What makes this such a powerful and uplifting movie is Holland’s genuine search for the answer as to whether miracles really occur (thus making faith possible) or if they are merely human inventions or psychological crutches. As a result, she is not afraid to probe honestly or to expose the unpleasant reality one must encounter while seeking the Truth. THE THIRD MIRACLE doesn’t take sides – people of the Catholic Church and “regular” people both have the capacity for less than ideal behavior and thoughts. Gracefully, even the characters who make your blood boil (Archbishop Werner is a stellar example) are given the benefit of the doubt – they aren’t malicious, just well-intentioned but misguided.
Make no mistake, the world Holland brings us into contains brief snapshots of ugly, jolting reality – swearing, war, prostitution, drugs, child abuse, murder, church politics, faith bordering on cultic proportions, etc. While many movies include unsavory elements to titillate, their inclusion in THE THIRD MIRACLE is done with integrity – only enough is presented to deal honestly with the realities of life. Not only does she treat them seriously, never lingering on them or celebrating them, but also she gives us a profound Christian truth – miracles are performed within the everyday, the ordinary and the sinful. The Archbishop Werner scoffs that an “American housewife” couldn’t possibly be a saint, but Father Frank realizes that Helen is a “saint of the people, people who live in the ordinary world,” echoing Christ’s incarnational love that is manifested in His relationships with sinful and disturbing people. A man haunted by doubt and imperfection, Father Frank wonderfully becomes the vehicle for faith and redemption of others – true Christian irony.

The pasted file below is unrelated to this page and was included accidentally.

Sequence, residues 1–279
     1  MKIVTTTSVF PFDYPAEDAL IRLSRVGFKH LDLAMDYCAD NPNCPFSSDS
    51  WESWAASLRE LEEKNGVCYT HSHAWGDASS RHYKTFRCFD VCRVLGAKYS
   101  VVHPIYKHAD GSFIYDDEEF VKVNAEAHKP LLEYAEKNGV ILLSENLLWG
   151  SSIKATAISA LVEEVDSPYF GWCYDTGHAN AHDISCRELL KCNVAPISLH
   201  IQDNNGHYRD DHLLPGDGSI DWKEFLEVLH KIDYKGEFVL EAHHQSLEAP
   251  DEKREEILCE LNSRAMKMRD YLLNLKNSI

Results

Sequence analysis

Importantly, however, THE THIRD MIRACLE doesn’t push a “miracles are within us all” humanistic stance. Miracles are truly from a higher power, implicitly God, though Holland does not choose to focus on who God is. While tackling intellectual issues of faith and doubt, the movie successfully draws viewers into experiencing the anguish and joy of Father Frank’s journey, leaving them with a sense of mystery and hope. Rarely has the tension between faith and reason, miracles and reality, sinfulness and redemption been treated with more sense of reverence and skillfulness than THE THIRD MIRACLE.
THE THIRD MIRACLE is a powerful and uplifting movie that explores issues of Christian faith. Ed Harris plays a lapsed Roman Catholic priest, Frank Shore, who finds a kind of personal redemption when he sets out to seek the truth about the alleged miracles of a deeply devout laywoman. Anne Heche plays the woman’s unsaintly daughter who tempts him. After experiencing a miracle himself, Father Frank decides to defend the laywoman’s bid for sainthood against the formidable Archbishop Werner, who doubts that an ordinary housewife can be a saint.
THE THIRD MIRACLE contains references to sinful behavior, including swearing, prostitution, drugs, child abuse, murder, and church politics, but it doesn’t push a “miracles are within us all” humanistic stance. It contends that miracles are truly from a higher power, implicitly God, though it does not focus on who God is. While tackling issues of faith and doubt, the movie successfully draws viewers into experiencing the anguish and joy of Father Frank’s journey, leaving them with a sense of mystery and hope. Rarely has the tension between faith and reason, miracles and reality, sinfulness and redemption been treated with more sense of reverence and skillfulness